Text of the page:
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Last week a story broke how the State of Israel had “banned” the iPad. I did a quick search and  found the Israeli newspaper Haaretz and read the article.

First I’m not going to get into the story other than to say that the headline is one of the most viral headlines I have seen in months. Also it (the headline) is one of the most misrepresentative in my humble opinion.

Haaretz can be fairly described as Left Wing, to the point that they are currently embroiled in a National Security scandal involving over 2000 stolen IDF secret documents and one of their reporters who fled to the UK with the documents and pled for asylum. Apparently the UK doesn’t consider Israeli National Security important as they let him stay. I hear cries of nyah, nyah our Official Secrets Act is important, yours isn’t. This only weeks after a British MoD official “lost” a laptop containing top-secret plans from inside their headquarters?!?? (Story from the fascinating so maybe the Brits just don’t respect “Top Secret” the way James Bond portrays it.

Anyhow, questioning Haaretz newspaper’s sensationalism and motives aside, I called up the Israeli Ministry of Communications and spoke to their Spokesperson and the Test Engineer responsible for the iPad testing. In a nutshell they sounded competent and committed to ensuring the Israeli consumer is provided with a communications device that works to the standards set down in Israeli law. They assured me that testing had begun but did not wish to commit to any completion date for obvious reasons. They did state that on approval the device would be legal to import like any other if it passed.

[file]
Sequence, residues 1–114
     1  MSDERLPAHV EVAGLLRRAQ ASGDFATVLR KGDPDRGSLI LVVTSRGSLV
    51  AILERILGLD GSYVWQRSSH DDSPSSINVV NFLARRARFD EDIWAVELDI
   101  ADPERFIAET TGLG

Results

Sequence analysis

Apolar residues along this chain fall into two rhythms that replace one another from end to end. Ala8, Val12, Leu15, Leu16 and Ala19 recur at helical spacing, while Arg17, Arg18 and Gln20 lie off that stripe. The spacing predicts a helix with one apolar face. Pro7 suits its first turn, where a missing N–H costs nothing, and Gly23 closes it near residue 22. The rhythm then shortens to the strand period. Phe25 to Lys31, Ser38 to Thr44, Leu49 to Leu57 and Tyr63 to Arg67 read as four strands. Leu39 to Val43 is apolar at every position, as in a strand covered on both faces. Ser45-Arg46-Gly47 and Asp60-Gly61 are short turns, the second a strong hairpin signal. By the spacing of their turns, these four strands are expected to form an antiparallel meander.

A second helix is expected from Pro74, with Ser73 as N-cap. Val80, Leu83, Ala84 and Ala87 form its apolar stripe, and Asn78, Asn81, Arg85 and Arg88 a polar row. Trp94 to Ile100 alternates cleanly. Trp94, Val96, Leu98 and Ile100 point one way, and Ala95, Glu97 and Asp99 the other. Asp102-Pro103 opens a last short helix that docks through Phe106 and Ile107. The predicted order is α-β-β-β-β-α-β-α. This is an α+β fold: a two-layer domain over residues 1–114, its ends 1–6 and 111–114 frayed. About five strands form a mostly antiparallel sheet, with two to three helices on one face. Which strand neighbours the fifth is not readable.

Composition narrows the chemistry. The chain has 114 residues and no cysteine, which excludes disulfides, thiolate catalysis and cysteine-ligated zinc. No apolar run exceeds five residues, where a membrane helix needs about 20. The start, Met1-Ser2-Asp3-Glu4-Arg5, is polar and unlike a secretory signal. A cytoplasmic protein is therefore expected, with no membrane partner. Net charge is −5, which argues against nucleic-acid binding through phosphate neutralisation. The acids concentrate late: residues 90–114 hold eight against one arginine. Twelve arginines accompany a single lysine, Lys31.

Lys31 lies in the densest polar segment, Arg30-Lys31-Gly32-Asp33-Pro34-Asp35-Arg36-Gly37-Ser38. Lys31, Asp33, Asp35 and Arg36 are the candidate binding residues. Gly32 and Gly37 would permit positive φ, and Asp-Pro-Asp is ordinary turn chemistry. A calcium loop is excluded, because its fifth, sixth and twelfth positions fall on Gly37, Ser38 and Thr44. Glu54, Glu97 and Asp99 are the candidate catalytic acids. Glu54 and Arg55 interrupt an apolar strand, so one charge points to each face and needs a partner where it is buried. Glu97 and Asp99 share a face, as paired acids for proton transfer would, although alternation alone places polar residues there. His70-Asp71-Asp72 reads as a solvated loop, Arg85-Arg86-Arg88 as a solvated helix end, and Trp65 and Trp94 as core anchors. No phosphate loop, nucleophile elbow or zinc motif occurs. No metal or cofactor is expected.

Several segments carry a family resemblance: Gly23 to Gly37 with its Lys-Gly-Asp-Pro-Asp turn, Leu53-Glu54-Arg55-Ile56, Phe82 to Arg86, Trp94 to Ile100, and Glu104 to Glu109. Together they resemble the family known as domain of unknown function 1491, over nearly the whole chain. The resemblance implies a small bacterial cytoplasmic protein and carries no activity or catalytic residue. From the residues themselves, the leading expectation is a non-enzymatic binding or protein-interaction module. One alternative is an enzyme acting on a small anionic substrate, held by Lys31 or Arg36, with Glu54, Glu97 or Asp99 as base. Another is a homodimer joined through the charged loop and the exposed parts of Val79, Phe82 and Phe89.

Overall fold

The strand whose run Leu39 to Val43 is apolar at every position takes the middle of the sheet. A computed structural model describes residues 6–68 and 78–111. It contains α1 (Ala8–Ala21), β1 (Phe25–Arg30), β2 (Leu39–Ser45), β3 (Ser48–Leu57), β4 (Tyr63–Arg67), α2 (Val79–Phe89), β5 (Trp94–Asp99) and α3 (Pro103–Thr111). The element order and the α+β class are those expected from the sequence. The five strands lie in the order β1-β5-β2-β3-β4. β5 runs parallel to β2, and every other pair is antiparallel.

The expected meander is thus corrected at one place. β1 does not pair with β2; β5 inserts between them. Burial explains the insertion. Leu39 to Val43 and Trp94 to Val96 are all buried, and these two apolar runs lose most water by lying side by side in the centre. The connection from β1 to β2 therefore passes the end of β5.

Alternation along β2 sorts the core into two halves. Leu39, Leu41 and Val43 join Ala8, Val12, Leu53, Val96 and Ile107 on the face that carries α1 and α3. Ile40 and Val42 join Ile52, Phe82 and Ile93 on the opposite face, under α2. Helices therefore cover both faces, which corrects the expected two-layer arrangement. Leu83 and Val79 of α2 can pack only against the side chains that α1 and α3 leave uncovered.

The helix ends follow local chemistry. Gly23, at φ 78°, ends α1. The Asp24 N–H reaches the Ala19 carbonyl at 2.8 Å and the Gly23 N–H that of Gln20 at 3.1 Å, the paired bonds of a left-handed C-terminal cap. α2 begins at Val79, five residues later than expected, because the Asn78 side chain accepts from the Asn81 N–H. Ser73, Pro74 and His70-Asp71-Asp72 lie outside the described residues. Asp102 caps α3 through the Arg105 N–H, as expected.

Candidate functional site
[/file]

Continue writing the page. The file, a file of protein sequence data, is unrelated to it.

The hysterical level of blogging, Tweeting, Facebooking and so on regarding this leaves me convinced that Steve Jobs sure knows how to create a feeding frenzy. Perhaps President Obama should ask him to pitch to Israel his plans for the Middle East?

People seem really shocked by one of the following: –

  1. Israel has standards for this sort of thing.
  2. We don’t just blindly trot along after the United States and let it in on the FCC’s say so.
  3. OMG but it’s an iPad! AN IPAD!! Why isn’t Israel just waiving the law for it?


I just read several blogs saying how this is typical governmental bureaucracy or hints of dark government conspiracies (where are Mulder, Scully and Smoking Guy these days anyway?) and then the best of them was this is damaging our ability to develop competitive applications. Israeli hi-tech should be getting these right now to ensure we maintain our competitive edge.

To the folks out there deriding the testing team at the Ministry of Communications as bureaucrats let me ask you this:

  • Have you ever worked with any public sector employees in Israel? I have and I was in the main impressed by their professionalism, commitment and willingness to work hard for not the greatest salaries in the world.
  • Did you make any effort to contact this department and at least talk to these folks? I’m not hearing anything other than silence here.

Now to Israeli hi-tech; I’m a veteran of over 10 years and I can honestly say that I am always impressed with the creative and smart solutions to problems like this that Israelis come up with.

Back in the day, I worked briefly as a QA Team Leader for a company before they were bought and the R&D moved out of Israel. This company was in the business of Locational Applications and optimized web and we even tested on platforms such as Qualcomm’s marvelous BREW. This was not supported at the time in Israel. Did we manage to test?

Yes devices were in our US office and we connected to them via the BREW SDK and PC Anywhere, also we had emulators and a functional but non-connected BREW phone.

Was it easy? Was it economical? Not always. We had a recurring random disconnect bug that drove us crazy until we discovered that someone was without noticing rolling back and forth over the cable connecting the phone to the PC in the US and this was affecting connectivity. Some of the time we even had one of the QA Team over in the States to work on devices that were already supported there.